There’s a hugely interesting phenomenon developing and it is one that will harm supply chains yet further. Natural gas is trading in the US at $6 per unit – in Europe, we are at $30 and the UK is more exposed than most. The current enviro chatter is fueling an utter hatred for fossil fuel usage. We need to move away – absolutely. We HAVE to manage that transition. That’s where the headline operators are massively failing at the moment. Not managing that transition will cause utter catastrophe, of which the current energy price crisis is just the start.

This is a bigger conclusion from some observations I have made over the years from an element of involvement in renewables. My first solar panels (Not seen that one in Jack and Jane, as yet) were in 2010, well incentivized and rewarded by the Government with the feed-in-tariff scheme (which, frankly, should have stayed for homeowners). I’ve got my air source heat pump already. At a bigger scale, we are making efforts to make our largest investment site, by area, into a net-zero-carbon site including a huge (for us!) solar array on the site. The conversation with the installers who won our tender process was interesting – when I pressed them on the footprint of the actual panel production, they assured me “it wasn’t needed for the calculations”. Eh? What sort of calculations are these?

As usual, it is what you measure and how you measure it. There’s an element of playing the game. And when you start to get into it (a leading “realistic thinker” in this space is a guy called Michael Shellenberger, a climate activist who has reversed his position on nuclear, which is absolutely critical to zero-carbon – search youtube for his Tedx talk to see more), you see quite quickly that as usual, most people are operating on emotion not fact. As alluded to last week, we need to insulate homes – we don’t need people glueing themselves to roads or making terrorist-style demands that can never be acceeded to to reach that goal. We need incentivising! You might say there’s no better incentive than prices rocketing up, although it leaves many at the bottom 20-40% of earners who won’t be able to afford upgrades and will just get skinned, or very cold, because of what’s going on. In my “straw poll” of the week, everyone not in the industry that I spoke to I asked about EPCs and what their EPC was – the vast majority did not know what an EPC was and even when they did, they “couldn’t remember”. This is NOT being factored into purchasing decisions, but it IS being factored into lending decisions – and like everything, will creep up on people. Opportunity is abound here for those who can navigate these waters, and green technology will see more wealth created than anything before it in history. The first trillionaire. The first $10tn market cap company. I am convinced. Sadly, some or even much of it will be spin, and even a bit of a scam, a case of fixing numbers – so there will be some holding of the nose to go on.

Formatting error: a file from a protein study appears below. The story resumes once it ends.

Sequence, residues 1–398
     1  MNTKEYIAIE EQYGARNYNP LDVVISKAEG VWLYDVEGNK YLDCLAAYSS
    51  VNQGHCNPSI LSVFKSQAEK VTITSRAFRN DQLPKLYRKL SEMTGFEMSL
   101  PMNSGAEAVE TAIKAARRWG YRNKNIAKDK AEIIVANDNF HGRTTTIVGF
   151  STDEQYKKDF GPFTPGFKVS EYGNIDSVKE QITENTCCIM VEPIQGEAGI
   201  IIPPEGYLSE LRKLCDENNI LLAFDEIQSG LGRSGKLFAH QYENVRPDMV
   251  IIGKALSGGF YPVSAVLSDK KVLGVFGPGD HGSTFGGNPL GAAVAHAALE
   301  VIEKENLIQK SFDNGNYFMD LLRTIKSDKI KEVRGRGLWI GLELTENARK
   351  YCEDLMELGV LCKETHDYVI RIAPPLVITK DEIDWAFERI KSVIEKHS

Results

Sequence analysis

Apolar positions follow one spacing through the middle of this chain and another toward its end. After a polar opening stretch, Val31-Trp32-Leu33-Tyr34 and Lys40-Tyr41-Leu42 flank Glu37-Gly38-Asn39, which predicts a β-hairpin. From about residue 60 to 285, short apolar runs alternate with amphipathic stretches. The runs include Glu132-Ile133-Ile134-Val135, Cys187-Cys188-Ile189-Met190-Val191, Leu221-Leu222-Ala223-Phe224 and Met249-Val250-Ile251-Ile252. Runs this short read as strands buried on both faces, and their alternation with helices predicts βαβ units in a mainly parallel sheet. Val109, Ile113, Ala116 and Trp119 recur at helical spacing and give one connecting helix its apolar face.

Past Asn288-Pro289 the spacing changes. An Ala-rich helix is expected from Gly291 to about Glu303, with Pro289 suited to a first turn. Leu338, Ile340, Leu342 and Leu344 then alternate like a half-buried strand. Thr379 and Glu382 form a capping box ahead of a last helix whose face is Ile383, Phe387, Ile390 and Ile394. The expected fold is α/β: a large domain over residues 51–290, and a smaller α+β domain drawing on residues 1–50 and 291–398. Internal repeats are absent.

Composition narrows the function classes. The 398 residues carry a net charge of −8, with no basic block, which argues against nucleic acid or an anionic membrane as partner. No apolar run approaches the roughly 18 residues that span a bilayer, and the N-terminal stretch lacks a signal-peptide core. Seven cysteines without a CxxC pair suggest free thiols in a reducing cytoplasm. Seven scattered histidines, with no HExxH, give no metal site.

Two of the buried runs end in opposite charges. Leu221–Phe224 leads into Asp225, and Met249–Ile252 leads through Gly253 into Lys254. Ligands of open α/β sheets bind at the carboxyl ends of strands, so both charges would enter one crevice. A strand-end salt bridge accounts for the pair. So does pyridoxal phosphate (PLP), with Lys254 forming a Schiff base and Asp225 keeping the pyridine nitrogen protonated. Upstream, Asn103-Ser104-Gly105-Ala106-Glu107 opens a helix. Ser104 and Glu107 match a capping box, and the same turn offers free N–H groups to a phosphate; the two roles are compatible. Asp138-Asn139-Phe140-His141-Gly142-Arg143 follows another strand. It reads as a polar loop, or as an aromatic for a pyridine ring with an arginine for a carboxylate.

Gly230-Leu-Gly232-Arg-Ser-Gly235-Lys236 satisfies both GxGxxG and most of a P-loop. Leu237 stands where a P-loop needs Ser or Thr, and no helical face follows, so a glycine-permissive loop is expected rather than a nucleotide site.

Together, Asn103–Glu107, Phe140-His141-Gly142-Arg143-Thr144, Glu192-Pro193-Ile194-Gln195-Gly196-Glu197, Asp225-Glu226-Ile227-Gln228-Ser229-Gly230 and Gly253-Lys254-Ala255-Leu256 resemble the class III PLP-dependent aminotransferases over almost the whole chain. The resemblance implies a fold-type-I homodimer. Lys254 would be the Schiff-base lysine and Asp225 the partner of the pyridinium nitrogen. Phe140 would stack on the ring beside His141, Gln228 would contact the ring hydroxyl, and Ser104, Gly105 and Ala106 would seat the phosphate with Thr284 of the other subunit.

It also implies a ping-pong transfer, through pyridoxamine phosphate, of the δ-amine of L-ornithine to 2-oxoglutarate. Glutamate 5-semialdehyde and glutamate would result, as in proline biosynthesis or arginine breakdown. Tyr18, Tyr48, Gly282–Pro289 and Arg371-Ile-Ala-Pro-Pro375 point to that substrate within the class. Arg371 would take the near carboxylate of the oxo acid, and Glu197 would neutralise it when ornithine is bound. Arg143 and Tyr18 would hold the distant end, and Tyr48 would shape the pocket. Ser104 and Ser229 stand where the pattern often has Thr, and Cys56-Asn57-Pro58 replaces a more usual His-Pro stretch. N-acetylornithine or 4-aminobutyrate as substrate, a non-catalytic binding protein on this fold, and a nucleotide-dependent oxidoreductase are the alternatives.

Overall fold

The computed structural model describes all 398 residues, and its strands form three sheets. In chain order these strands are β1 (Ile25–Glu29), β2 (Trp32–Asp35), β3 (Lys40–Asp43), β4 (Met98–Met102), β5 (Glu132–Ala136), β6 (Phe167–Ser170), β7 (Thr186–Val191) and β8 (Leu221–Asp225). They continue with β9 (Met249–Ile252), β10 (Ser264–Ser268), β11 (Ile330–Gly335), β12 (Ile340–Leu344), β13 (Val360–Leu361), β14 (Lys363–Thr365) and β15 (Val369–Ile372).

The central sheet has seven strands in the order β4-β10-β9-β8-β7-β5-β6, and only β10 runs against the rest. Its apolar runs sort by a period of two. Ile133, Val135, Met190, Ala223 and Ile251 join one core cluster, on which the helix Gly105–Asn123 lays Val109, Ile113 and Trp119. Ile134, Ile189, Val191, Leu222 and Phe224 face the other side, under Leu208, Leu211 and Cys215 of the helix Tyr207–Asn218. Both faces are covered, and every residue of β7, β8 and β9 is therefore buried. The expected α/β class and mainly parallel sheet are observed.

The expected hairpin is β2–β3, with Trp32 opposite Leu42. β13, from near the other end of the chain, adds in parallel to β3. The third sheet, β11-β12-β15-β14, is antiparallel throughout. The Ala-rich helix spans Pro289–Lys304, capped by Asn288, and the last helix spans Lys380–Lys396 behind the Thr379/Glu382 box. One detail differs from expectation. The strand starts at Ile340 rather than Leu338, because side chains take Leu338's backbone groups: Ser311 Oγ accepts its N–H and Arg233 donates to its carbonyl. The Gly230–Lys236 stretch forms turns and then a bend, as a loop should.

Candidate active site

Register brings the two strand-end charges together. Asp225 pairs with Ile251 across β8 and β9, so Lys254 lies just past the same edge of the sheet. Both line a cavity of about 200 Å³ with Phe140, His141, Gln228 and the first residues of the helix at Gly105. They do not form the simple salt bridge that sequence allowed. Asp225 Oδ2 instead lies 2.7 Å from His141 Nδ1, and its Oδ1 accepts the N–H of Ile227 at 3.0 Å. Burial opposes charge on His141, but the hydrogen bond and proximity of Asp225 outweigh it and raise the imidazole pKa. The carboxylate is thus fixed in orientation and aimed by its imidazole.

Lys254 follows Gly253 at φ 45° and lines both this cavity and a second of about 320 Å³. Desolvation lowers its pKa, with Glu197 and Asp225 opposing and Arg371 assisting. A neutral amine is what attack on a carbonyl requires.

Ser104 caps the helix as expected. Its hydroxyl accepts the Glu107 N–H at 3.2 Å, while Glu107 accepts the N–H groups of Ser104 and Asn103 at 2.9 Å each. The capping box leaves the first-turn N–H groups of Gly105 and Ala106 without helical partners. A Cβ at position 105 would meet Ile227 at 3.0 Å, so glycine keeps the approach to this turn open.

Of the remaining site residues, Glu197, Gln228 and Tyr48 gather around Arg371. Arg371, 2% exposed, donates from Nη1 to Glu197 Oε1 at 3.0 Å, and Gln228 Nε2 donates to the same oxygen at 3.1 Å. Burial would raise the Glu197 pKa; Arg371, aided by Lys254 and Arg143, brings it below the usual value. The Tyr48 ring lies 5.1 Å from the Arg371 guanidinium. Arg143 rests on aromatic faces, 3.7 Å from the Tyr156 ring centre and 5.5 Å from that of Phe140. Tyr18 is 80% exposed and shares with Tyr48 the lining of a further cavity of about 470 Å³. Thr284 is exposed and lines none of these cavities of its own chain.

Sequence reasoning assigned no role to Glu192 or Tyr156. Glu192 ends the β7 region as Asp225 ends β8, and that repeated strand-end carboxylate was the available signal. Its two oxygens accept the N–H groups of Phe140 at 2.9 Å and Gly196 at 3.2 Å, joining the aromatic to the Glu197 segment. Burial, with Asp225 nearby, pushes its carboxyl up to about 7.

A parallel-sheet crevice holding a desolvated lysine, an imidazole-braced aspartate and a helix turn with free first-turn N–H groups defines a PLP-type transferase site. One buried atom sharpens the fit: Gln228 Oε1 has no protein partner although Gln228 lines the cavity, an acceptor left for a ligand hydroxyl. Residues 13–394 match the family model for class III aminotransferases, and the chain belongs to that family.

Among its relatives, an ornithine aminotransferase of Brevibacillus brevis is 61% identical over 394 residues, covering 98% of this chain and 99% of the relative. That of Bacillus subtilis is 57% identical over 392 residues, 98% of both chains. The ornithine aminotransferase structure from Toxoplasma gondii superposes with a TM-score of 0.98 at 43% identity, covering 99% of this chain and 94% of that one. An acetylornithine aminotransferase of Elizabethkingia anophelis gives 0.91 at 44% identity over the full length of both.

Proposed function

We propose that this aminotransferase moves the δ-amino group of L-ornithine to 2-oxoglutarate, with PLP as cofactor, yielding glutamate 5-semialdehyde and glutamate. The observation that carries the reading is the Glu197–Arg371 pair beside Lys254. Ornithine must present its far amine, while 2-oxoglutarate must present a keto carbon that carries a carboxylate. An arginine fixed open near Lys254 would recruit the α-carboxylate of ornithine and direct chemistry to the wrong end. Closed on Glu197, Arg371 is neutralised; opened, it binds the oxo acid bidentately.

Get your head around this. Why would it make sense for India to import and burn as much coal as possible, right now? Because currently, they burn wood, which is far worse for the environment. That’s where some countries are at (and big ones, at that) – and progress needs to happen quickly but in a managed fashion. If no-one buys and owns big oil, there will be a) supernormal profits to be had by buying them at prices that are lower than they should be and b) far more price crises to hit us in the future if they can’t raise funds to continue operations which are a critical part of the world economy.

We can’t just stop – the damage to human life would be unthinkable. Deaths in the hundreds of millions. I’m no climate change denier – you have to be an idiot (or very young) to deny how the UK climate has changed in the past couple of decades, and all the weather records bear that out (alongside the visual cues we get so very often these days!). We need a sensible and steady transition, with massive incentives to get green ASAP. We need sensible and open conversations – not adhesive and spraypaint. This has been at the top of the agenda for the past couple of years (Covid aside) and for great reason – let’s hope some real and actionable positives come out of COP26 – I’m sure there will be further commentary next week! Until then, happy hallowe’en……..